Photo credit: Rebecca B
How to keep safety top-of-mind while walking solo
By Rebecca Brown, Guest Writer
I had an overwhelming desire to walk the way that pilgrims walked for centuries, years before the dots finally connected, and I got to experience a unique and unforgettable journey with some of the most amazing moments.
Of course, just like most women out there planning to travel solo, I instantly googled what a woman hiking alone can expect while exploring the network of pilgrimages leading to the Cathedral of Santiago de Compostela.
As I decided to push through some of my fears, I want to share my personal story with other women who are weighing whether they should hike the Camino de Santiago alone.
I was surprised to learn that almost half of the hikers walking the Camino were women! And more importantly, if you hike during high season in the usual walking hours, you are not going to be far away from the next pilgrim.
When I first got to the treks, I was amazed at how many people were on the trail. It was heartwarming to see that pilgrims meeting along the Way of St. James are very friendly and supportive. If you are feeling uneasy at any point, you can join small walking groups.
What gave me even more confidence was feeling a strong sense of camaraderie during my hike. Pilgrims would stop at any sign of another hiker needing assistance.
It may be comforting for you to know that the locals have been supporting pilgrims on the Camino for 1,000 years. As I learned during my journey, they are very happy and proud to welcome walkers and keep them safe along the way.
And there is another important fact to know: crimes along the Camino are extremely rare.
A Well-Traveled Route Is the Way to Go
I picked one of the most popular sections – the Portuguese Way, so I could rest assured knowing others will be passing by often enough.
This was not my first solo trip, and I am not a fearful creature, but since I made my journey during a very sensitive time in my life, I have to admit I was feeling more confident staying within sight of others.
The Camino provided me with the perfect combo: I was enjoying the alluring sights alone, while still getting to meet some awesome people along the way. I even got to bond with one amazing woman on the trails, and we have been friends ever since.
When I analyze my experience now, I felt safe and secure along the entire route, and I experienced the friendliness and care from the residents of the towns I visited.
A Few Tips If You Are Traveling Alone
As I was going through a rough patch when I embarked upon this journey, I needed to disconnect from everything and focus on some soul searching and getting in touch with myself.
That’s why I wanted to spend most of the time discovering the trails of the Camino on my own. Still, to make sure my experience was a positive one, I decided to follow some general advice of more experienced female travelers:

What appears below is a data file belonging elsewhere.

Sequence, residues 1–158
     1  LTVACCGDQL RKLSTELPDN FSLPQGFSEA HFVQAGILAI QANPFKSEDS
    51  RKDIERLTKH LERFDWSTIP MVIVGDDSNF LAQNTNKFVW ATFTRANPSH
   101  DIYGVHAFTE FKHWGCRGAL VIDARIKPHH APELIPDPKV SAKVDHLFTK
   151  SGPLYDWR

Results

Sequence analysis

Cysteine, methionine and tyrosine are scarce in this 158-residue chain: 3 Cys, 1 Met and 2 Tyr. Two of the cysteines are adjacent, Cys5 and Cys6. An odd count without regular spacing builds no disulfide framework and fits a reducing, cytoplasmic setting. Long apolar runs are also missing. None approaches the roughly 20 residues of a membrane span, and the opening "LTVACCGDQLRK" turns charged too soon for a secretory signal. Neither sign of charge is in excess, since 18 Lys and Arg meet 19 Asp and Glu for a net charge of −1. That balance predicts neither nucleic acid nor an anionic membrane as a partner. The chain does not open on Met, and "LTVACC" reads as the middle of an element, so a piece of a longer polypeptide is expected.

- Pack Light: I packed only the necessary things, leaving the expensive stuff like watches and jewelry at home.
- Keep your belongings with you: Throughout my walk, I made sure my documentation and money were with me all the time, and always carried a charged mobile phone.
- Safety in numbers: As an extra safety measure, I was always within a shouting distance of other pilgrims and I avoided walking after sunset.
- Get a guidebook: If you plan to hike alone, getting a Camino guidebook can help you manage better while hitting the trails.
When I completed the walk, I was so grateful I didn’t let fear stop me from enjoying magnificent places and soaking up the local culture. I enjoyed spectacular views of sandy Portuguese beaches, picturesque small villages, and met some amazing people while on the road.
While on my way home, I was going through all of the memories from this experience, and it was great realizing that when you dare to take upon an adventure and immerse yourself in life, you get to taste the fruits of your endeavor.
Whether you decide to walk for spiritual, cultural, or other reasons, exploring the Camino can strengthen you mentally and physically, and give you more confidence to embrace life and leave your comfort zone as often as you can.
Photos provided by Rebecca Brown
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If You Go
What to Pack
- Passport and health insurance information
- Phone, charger, power bank, and a backup phone, if you can
- Reusable water bottle and energy bars
- Clothes that are breathable and moisture-wicking. Avoid cotton. Polyester and wool are better choices
- A waterproof jacket and a hat
- Sunscreen and bug repellent
- First-aid kit
- Sleeping bag
Where to Stay
Stay at one of the traditional “albergues“
What to Eat:
Galician Style octopus, known as pulpo á Feira
Galician garlic soup
What to Drink
Orujo, a local brandy
Albariño, a local white wine
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